Held at the IN3 headquarters in Castelldefels, Spain, on Friday March 9th, 2007, this open workshop of the MODINIS project, Breaking Barriers to eGovernment, will focus on ways in which innovation can be and has been achieved in eGovernment to improve governance in the information age. How can the widespread diffusion of the Internet and Web enable governments to transform not only the delivery of public services but also approaches to governance? The project has already identified 7 key categories of barriers to the development of eGovernment across Europe. This workshop turns attention to approaches for overcoming these barriers to stimulate innovation. These approaches span at least four key categories: legislative, technological, citizen-centric and organizational solutions.
Here come my notes for the third part of the workshop.
Identity Management (IDM) as enabler of e-Government
Mary Rundle, Berkman Center for Internet and Society, Harvard Law School, US
IDM is seen as part of the solution as governments try to: provide security (cybercrime, ISPs), guide foreign commercial relations, ensure reliable infrastructure, maintain jurisdiction (content, zoning), exercise monetary authority (flows, customs), ensure a clear system of property rights (IPR), recognize citizenship, facilitate relations between private parties (e-signature).
IDM systems: Federal Model (a third party or parties certificate your digital identity) vs. User Centric System (you hold your own digital identity). Which one is the best? How to bridge international personal data protections and the identity management infrastructure?
A proposal for an IDM system would be a CreativeCommons-like system that could be “human readable, lawyer readable, machine readable”, where all “features” (i.e. the data collected here can/will not be sold) could be tracked either by humans, at the regulation level or automatically by computers.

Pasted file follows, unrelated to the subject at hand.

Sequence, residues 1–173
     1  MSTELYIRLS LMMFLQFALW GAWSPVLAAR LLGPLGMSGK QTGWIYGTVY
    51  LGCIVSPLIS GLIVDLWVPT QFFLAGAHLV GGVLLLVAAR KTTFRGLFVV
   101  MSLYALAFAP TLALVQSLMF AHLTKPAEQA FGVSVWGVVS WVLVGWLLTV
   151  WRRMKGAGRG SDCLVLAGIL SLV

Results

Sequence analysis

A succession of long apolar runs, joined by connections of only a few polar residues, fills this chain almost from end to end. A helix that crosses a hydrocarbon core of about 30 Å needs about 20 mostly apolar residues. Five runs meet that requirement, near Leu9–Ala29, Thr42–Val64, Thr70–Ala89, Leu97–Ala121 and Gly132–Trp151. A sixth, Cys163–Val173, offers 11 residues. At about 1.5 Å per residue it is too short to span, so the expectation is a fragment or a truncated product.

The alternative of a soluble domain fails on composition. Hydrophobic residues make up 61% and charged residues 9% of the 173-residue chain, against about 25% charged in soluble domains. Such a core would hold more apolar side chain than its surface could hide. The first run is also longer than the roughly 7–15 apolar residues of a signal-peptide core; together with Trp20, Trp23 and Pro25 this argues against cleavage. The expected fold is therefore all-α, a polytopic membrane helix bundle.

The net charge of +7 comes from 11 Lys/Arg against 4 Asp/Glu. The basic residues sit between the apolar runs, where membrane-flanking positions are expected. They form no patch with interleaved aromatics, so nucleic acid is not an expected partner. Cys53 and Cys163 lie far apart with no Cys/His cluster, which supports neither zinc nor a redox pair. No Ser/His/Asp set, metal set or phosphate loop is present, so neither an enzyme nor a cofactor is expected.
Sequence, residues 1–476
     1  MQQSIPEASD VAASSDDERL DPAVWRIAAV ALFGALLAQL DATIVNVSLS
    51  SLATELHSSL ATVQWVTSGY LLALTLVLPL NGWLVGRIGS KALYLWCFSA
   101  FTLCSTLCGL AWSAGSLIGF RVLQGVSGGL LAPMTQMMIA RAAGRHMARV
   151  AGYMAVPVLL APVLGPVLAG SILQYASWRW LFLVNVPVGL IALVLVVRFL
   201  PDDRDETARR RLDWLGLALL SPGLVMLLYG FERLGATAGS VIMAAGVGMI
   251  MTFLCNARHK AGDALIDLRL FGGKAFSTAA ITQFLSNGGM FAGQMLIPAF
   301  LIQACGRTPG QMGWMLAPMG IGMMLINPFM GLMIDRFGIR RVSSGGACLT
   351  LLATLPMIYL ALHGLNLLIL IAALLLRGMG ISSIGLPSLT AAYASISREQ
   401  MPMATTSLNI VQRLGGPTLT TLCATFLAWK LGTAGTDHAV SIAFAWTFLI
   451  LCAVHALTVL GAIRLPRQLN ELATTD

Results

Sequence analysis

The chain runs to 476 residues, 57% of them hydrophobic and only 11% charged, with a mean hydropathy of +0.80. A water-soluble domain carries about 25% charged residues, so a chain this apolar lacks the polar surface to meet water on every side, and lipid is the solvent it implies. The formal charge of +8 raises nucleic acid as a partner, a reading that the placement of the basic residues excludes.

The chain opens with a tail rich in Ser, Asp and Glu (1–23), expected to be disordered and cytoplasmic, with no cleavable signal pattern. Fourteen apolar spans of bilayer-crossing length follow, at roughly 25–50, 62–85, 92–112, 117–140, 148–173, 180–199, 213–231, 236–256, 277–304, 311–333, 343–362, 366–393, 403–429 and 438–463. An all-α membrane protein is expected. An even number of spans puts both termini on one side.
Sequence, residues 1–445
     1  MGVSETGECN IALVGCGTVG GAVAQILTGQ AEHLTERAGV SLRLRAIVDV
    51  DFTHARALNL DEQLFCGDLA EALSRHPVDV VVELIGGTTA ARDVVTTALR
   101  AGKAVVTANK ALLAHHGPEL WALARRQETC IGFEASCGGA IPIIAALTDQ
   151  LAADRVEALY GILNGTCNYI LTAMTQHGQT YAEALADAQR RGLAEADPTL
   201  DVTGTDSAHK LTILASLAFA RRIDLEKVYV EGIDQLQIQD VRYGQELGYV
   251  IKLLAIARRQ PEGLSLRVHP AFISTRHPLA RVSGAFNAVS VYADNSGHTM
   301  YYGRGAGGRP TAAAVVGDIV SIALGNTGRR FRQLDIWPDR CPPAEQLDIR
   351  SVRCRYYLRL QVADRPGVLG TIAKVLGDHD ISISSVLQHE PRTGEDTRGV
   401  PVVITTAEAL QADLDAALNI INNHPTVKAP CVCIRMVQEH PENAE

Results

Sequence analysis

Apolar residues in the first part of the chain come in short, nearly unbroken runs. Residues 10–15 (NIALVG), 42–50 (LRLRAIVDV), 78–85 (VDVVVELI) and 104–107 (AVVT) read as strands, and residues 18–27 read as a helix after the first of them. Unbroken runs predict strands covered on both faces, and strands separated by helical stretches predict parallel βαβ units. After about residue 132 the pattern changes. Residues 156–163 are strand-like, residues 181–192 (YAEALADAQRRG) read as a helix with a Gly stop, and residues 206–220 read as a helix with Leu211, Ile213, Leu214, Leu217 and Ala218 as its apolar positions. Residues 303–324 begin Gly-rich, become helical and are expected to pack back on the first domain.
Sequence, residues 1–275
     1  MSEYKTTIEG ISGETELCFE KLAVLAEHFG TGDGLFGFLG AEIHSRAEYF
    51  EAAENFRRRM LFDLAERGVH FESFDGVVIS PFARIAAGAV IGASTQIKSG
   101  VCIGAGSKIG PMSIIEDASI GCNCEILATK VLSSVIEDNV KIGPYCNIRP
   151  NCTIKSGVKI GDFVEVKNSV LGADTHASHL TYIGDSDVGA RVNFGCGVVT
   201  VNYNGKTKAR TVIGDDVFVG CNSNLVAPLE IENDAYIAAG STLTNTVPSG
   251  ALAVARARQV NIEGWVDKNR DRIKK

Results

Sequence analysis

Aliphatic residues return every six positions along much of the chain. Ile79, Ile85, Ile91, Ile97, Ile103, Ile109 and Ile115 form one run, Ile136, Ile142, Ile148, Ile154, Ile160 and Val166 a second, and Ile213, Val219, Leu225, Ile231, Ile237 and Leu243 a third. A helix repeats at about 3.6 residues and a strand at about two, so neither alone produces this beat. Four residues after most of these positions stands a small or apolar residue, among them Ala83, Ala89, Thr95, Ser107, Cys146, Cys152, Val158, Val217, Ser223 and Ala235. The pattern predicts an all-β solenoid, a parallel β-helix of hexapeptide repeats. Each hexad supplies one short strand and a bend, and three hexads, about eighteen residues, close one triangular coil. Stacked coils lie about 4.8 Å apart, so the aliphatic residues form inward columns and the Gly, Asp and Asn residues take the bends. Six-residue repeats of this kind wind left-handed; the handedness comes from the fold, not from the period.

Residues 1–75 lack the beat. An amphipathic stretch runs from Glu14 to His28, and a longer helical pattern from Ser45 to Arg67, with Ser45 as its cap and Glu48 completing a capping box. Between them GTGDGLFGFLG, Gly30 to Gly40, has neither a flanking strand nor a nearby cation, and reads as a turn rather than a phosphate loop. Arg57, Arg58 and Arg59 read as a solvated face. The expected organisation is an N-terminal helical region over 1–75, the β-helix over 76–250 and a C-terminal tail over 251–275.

(Rundle gives a quick overview about NetDialogue)
Miquel Peguera & AgustÃ Cerrillo, Internet Interdisciplinary Institute (IN3), Universitat Oberta de Catalunya
The researches present a study of the actual situation of the use of electronic signature in Europe, characterized by a trend to foster the use of e-signature:
- Strategies of electronic national ID cards holding digital certificates for authentication and signature purposes
- Legislative initiatives to demand specific procedures to be carried out electronically
Miquel Peguera & AgustÃ Cerrillo
Electronic signature regulation is a basic issue to extend its use, because it allows guaranteeing the individuals and organizations’ rights, along with the proper use of the signature itself. In this field, there have been different ways to regulate its use, depending on who led a specific e-signature initiative, the already existing legal framework and the kind of system to be implanted (free access, login/password, certificate).
All in all, there is an evident lack of coherence and integration of systems all along Europe. Particularly stress is put in the fact that the choice of a particular system is directly related to the risks and menaces that this system brings with it, causing that overlapping systems might coexist to reinforce the strength of the protection.
To overcome e-Government barriers in the field of e-signature:
- There’s a strong need of political leadership, that should act as a motor of change
- Further from being only a duty, the use of the electronic signature should also be a right (fostering demand)
- Digital national ID cards, because of their major spread, are a good target to start with for e-signature purposes
- Also in the line of demand fostering, users motivation should also be enhanced
- Multi-channel delivery of e-government services requires different kinds of electronic signature with the same level of security
- e-Signature as a guarantee of the relationship among citizenship and the Government/Administration
- e-Signature as a mean to allow the citizenship enjoying their rights with confidence
Workshop. Fostering Innovation in eGovernment (2007)
If you need to cite this article in a formal way (i.e. for bibliographical purposes) I dare suggest:
Peña-López, I. (2007) “Workshop. Fostering Innovation in eGovernment (part III)” In ICTlogy,
#42, March 2007. Barcelona: ICTlogy.
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